4.5 Lakh May Need ICU Admissions in Delhi: ICMR Study Shows India’s Best and Worst Case Scenarios


New Delhi: The Indian Council of Medical Research (ICMR) has warned that community transmission of Covid-19 cases may take anywhere from 20 days to a few months to be visible, and every infected Indian will pass on the virus to 1.5 persons in the best-case scenario and four persons in the worst-case scenario.

The study, published in the Indian Journal of Medical Research, was based on mathematical modelling and it predicted that controlling the spread of coronavirus would be difficult in “pessimist” scenarios in cities such as Delhi, Mumbai, Kolkata, Bengaluru, Chennai, Hyderabad and Kochi, if people who have had travel history to infected countries or contact with the infected don’t isolate themselves.

Even in an optimistic scenario with intervention from the government, Delhi could see two lakh Covid-19 symptomatic cases over 600 days. “Only 5 per cent of these will require ICU admission, which is 10,000 cases over two years in Delhi,” Tarun Bhatnagar, a co-author of the study and a member of the National Task Force for tackling Covid-19, said.

If the pessimistic scenario is considered, even with intervention, Delhi may witness as many as 90-lakh symptomatic cases, of which 4.5 lakh may require ICU admission in 45 days. Other metropolitan cities Mumbai, Bengaluru, and Kolkata will also show similar trends in terms of numbers varying slightly based on population, Bhatnagar said.

To put the infectiousness of the disease into context, if a single person passes the disease to four people as mentioned in the worst-case scenario above, it could lead to nearly 10.5 lakh total infections in just 10 interactions or 10 layers.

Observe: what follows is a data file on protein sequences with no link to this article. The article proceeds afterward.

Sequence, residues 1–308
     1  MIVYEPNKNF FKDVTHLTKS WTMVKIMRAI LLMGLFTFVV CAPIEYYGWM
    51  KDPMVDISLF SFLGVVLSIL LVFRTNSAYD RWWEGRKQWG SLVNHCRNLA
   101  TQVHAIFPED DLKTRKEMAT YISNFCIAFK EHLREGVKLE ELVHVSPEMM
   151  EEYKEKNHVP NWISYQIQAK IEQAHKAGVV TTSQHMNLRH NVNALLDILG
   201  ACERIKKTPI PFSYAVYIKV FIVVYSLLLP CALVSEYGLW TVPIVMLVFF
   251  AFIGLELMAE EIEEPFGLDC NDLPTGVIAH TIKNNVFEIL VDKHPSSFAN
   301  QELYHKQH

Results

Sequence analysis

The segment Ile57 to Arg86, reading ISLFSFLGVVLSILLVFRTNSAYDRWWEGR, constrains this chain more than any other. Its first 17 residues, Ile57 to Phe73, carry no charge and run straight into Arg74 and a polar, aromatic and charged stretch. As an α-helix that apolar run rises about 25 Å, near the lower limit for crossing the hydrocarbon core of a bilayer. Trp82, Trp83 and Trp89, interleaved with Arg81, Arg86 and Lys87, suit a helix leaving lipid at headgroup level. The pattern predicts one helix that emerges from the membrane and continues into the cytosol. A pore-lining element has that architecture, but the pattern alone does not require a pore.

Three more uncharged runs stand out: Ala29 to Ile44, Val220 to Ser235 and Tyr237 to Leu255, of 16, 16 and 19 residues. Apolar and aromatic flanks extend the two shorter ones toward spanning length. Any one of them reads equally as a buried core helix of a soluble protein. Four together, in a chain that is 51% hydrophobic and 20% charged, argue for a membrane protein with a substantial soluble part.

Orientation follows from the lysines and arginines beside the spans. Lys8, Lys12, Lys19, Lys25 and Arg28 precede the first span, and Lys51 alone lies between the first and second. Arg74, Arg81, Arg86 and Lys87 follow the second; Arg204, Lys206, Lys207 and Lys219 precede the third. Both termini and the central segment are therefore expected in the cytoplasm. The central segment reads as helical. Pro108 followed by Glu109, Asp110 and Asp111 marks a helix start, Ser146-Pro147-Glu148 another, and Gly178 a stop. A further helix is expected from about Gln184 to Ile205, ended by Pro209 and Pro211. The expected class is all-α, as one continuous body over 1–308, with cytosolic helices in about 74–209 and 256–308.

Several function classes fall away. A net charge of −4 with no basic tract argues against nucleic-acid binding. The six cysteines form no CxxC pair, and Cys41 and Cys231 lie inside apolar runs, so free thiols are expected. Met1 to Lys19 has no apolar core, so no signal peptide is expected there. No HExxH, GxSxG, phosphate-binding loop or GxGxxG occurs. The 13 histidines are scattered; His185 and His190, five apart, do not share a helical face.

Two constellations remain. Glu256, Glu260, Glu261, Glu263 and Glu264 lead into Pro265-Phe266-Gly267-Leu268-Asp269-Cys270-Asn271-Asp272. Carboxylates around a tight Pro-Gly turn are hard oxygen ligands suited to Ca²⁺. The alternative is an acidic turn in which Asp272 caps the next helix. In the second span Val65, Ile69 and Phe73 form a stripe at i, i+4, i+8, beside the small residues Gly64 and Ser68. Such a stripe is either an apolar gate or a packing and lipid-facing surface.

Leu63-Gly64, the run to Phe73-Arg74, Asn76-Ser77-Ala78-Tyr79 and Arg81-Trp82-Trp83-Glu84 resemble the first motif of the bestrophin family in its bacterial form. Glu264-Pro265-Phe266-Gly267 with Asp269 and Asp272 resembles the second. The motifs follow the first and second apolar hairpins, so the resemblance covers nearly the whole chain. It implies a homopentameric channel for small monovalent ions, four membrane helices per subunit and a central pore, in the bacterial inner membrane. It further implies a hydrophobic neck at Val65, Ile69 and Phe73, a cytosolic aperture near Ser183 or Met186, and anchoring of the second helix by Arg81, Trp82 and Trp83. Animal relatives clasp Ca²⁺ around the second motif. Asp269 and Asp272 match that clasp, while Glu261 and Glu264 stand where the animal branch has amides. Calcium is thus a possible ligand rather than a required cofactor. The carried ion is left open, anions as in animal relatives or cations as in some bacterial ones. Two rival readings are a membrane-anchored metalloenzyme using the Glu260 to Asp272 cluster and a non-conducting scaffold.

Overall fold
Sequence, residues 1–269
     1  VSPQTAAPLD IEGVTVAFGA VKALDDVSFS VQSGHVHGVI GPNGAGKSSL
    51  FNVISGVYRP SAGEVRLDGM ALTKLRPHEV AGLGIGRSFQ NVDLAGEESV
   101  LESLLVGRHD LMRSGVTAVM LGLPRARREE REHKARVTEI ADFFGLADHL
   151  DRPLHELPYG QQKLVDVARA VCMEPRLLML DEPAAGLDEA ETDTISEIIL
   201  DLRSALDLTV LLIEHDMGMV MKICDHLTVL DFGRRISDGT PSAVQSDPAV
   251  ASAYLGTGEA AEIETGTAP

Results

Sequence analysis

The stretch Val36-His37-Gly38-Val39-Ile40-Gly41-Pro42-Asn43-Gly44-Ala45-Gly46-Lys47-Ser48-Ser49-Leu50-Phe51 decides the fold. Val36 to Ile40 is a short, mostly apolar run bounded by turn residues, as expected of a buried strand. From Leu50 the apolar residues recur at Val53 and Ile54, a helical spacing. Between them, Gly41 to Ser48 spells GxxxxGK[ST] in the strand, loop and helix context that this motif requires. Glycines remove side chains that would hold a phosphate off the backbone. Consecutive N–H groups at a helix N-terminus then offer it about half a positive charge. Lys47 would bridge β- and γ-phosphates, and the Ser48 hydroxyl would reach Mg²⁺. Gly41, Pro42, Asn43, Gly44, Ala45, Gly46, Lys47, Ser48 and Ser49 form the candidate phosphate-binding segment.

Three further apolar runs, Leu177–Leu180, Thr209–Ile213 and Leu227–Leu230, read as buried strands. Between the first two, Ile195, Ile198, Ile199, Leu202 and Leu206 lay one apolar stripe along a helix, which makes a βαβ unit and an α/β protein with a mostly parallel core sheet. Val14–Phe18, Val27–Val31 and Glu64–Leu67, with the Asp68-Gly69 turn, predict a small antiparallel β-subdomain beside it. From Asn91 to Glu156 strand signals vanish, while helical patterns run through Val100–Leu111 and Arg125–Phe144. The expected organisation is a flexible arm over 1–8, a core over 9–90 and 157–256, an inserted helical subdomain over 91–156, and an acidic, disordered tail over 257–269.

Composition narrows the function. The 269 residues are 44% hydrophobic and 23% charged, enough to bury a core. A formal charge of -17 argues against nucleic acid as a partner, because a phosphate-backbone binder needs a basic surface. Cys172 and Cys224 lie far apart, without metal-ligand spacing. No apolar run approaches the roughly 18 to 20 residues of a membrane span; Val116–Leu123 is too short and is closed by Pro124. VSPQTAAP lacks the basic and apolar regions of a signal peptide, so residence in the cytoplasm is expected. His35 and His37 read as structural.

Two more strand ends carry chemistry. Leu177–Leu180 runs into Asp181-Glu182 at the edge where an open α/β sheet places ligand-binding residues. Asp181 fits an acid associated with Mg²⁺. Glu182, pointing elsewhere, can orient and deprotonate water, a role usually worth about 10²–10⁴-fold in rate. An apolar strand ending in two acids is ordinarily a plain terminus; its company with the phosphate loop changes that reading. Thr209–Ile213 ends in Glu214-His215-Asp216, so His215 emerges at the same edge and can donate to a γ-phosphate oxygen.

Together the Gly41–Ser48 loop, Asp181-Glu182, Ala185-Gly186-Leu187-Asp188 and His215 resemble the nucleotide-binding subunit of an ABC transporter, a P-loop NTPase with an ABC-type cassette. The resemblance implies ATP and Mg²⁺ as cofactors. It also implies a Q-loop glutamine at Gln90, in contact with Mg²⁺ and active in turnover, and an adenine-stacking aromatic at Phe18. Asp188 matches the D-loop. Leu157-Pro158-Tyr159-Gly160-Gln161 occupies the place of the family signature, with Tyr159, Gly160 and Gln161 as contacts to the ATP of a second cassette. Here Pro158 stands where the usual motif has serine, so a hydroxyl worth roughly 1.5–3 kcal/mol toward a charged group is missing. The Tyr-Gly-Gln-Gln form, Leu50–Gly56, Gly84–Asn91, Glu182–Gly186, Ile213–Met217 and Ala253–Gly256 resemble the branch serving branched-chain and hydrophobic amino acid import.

This means that if one person infects four people, by the time that cycle happens 10 times, over 10 lakh people are infected. This figure comes from calculating four to the power of 10.

On the other hand, if the best-case scenario of 1.5 infections is considered, the total infections in 10 interactions will be 57. This is why social distancing and self-isolating is so important.

The mathematical model-based study, however, only took into account data till late February – before India saw its second wave of the outbreak that has now sickened over 550 people.

Dr Raman R Gangakhedkar, epidemiology head of ICMR, and one of the authors of the paper, said the main purpose of the paper was not to look at how many cases would occur but what methods would work. He said that the conclusion was that social distancing will be instrumental in flattening the curve, which could help the healthcare system deal with the influx of patients.

The report said placing 50% of the symptomatic cases under within three days quarantine would reduce the total number of cases by 62% and the peak by 89%.

But if the numbers predicted in the paper do come to pass, it could lead to a crisis of an unprecedented scale. According to government data accessed by The Hindu, India only has 37,618 isolation beds, 9,512 ICU beds and 8,432 ventilators as on March 24. As on date, the central and state governments collectively do not have more than 60,000 quarantine beds.

These numbers would have to be increased dramatically in the next few days, and Prime Minister Narendra Modi had on Tuesday in his televised address to the nation announced a Rs 15,000 crore healthcare financial package.